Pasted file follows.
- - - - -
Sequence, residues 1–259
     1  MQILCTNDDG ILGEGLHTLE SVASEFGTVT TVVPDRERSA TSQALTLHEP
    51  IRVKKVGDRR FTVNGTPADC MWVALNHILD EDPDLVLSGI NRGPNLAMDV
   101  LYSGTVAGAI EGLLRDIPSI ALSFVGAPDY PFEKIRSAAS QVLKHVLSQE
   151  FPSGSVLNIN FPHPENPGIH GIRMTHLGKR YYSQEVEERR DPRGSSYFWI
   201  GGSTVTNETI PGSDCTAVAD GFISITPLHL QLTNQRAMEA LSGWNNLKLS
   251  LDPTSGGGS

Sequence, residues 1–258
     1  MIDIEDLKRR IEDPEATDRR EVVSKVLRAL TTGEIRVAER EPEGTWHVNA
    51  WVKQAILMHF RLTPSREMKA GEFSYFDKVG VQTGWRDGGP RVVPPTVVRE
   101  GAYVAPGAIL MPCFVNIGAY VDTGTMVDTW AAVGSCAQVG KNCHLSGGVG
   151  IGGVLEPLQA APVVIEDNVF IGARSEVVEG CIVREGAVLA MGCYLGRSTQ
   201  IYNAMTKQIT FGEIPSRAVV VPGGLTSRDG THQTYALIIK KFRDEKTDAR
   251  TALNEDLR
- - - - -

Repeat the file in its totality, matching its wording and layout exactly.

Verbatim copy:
Sequence, residues 1–259
     1  MQILCTNDDG ILGEGLHTLE SVASEFGTVT TVVPDRERSA TSQALTLHEP
    51  IRVKKVGDRR FTVNGTPADC MWVALNHILD EDPDLVLSGI NRGPNLAMDV
   101  LYSGTVAGAI EGLLRDIPSI ALSFVGAPDY PFEKIRSAAS QVLKHVLSQE
   151  FPSGSVLNIN FPHPENPGIH GIRMTHLGKR YYSQEVEERR DPRGSSYFWI
   201  GGSTVTNETI PGSDCTAVAD GFISITPLHL QLTNQRAMEA LSGWNNLKLS
   251  LDPTSGGGS

Sequence, residues 1–258
     1  MIDIEDLKRR IEDPEATDRR EVVSKVLRAL TTGEIRVAER EPEGTWHVNA
    51  WVKQAILMHF RLTPSREMKA GEFSYFDKVG VQTGWRDGGP RVVPPTVVRE
   101  GAYVAPGAIL MPCFVNIGAY VDTGTMVDTW AAVGSCAQVG KNCHLSGGVG
   151  IGGVLEPLQA APVVIEDNVF IGARSEVVEG CIVREGAVLA MGCYLGRSTQ
   201  IYNAMTKQIT FGEIPSRAVV VPGGLTSRDG THQTYALIIK KFRDEKTDAR
   251  TALNEDLR